Returned foreign nationals at Jika Joe must buy a cow

2014-01-22 00:00

SOME of the foreign nationals chased out of the Jika Joe settlement during last week’s xenophobic attack have now returned, but are reportedly being told to buy a cow for a cleansing ceremony to be held there.

Community leaders from Jika Joe went to the mosque on East Street this past weekend where some of the foreign nationals were hiding following the attack on Wednesday night last week and invited them back.

Not all the foreign nationals have returned to the area; some have opted to live with their friends in the city.

The xenophobic wave began after locals believed that a foreign national had murdered one of their community, but this was refuted by police who said no foul play was suspected in the man’s death.

Musa Osman, who spoke on behalf of the foreign nationals, said leaders from the settlement had come to the mosque on Saturday and invited the foreign nationals to come back to the area and resume their lives.

“I went to see some of the guys [that were chased out] yesterday and they told me that the situation seemed quiet and they were fine.”

During the height of the violence last week, some of the foreign nationals said they had lived decent lives in the settlement and would like to go back, but others said they preferred to move on.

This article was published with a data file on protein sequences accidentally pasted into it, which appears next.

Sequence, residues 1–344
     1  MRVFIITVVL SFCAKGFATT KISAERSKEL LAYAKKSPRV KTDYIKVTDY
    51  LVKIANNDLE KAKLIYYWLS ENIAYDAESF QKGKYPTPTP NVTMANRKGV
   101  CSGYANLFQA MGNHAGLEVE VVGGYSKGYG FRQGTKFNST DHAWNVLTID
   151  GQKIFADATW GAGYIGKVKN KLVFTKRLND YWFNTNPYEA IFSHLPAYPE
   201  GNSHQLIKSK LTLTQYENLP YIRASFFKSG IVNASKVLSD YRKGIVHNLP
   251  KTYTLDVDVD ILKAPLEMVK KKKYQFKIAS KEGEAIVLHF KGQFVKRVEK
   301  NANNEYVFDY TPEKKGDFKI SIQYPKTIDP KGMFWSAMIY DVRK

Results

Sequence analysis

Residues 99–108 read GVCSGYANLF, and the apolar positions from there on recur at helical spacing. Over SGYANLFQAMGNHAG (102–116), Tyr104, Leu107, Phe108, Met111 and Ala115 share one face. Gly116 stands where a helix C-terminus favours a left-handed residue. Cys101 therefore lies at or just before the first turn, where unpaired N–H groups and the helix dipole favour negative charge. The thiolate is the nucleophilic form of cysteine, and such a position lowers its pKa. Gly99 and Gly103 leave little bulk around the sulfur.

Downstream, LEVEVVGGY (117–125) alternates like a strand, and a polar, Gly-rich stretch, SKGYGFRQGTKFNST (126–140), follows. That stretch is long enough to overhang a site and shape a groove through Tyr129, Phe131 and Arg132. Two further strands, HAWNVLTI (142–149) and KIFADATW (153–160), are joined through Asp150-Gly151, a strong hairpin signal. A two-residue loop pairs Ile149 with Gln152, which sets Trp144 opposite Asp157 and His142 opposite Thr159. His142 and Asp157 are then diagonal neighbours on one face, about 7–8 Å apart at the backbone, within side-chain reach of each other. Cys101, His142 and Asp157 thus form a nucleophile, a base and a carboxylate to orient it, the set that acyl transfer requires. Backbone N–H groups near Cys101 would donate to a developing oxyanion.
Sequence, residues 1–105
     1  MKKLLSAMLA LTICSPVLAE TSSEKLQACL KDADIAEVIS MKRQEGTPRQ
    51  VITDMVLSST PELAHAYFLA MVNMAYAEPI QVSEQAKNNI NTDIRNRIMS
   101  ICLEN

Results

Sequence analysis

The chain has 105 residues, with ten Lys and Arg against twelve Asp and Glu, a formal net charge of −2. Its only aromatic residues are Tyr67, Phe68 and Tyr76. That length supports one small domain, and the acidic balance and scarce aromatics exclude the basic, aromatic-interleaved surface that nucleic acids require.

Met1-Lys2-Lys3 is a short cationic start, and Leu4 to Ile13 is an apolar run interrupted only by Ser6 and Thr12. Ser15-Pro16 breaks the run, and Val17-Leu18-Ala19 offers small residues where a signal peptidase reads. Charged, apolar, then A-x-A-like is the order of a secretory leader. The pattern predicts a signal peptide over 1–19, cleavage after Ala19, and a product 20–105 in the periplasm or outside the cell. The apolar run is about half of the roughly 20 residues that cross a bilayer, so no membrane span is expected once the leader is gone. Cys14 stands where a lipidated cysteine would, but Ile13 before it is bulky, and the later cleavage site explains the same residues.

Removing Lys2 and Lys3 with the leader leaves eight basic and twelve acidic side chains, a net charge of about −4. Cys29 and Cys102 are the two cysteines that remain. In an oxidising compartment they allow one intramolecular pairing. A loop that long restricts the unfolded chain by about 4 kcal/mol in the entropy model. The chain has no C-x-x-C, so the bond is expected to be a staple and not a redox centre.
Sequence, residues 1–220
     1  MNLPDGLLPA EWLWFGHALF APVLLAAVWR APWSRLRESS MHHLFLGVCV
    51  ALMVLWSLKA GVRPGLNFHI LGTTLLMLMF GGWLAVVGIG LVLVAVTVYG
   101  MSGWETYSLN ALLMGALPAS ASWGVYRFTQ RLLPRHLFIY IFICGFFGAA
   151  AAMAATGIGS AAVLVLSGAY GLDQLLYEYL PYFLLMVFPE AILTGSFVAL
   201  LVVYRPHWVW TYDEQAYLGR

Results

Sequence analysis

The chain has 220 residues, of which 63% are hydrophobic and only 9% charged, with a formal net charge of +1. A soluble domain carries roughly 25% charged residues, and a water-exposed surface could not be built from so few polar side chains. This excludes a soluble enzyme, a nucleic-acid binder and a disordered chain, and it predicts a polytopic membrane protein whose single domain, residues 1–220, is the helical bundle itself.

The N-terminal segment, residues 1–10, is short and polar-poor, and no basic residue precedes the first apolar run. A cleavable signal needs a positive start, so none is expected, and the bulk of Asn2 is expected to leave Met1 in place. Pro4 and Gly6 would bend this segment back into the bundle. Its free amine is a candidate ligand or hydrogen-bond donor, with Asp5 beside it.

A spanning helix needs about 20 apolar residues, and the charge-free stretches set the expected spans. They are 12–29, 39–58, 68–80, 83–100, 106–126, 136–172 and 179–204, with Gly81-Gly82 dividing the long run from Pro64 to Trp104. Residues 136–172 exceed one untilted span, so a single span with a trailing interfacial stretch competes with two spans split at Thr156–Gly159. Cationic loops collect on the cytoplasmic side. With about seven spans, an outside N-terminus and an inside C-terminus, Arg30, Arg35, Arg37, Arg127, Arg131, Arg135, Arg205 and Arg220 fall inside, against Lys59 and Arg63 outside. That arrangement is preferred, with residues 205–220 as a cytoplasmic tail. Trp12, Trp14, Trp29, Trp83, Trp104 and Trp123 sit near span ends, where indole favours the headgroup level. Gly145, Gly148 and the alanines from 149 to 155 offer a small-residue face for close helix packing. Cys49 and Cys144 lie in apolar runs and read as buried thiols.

However, Osman said they had encountered one obstacle on their return.

“Because the people still believe that foreigners had killed the local guy, they have said that the foreigners should buy a cow to cleanse the area according to their culture.

“We told them that most foreigners do not work and therefore could not buy the cow, and an agreement was reached that we would approach the rich people to try and raise the money, probably by February,” said Osman.

He said the situation had calmed down and the police were stamping their authority, and have threatened to arrest anyone who starts any violence.

A community leader, Bongani Mkhize, who went to invite the foreign nationals back, said he hoped the situation would improve.

“It’s much better than it was before … I saw that they [the foreign nationals] were sleeping uncomfortably in the church and I negotiated that they should come back. I also went to the police station to ask them to patrol the area.”

Another leader, Khumbulani Gamede, said a decision was taken that anyone who started the violence would face the law.

Both leaders said they were not aware of any demand for cattle to be slaughtered.

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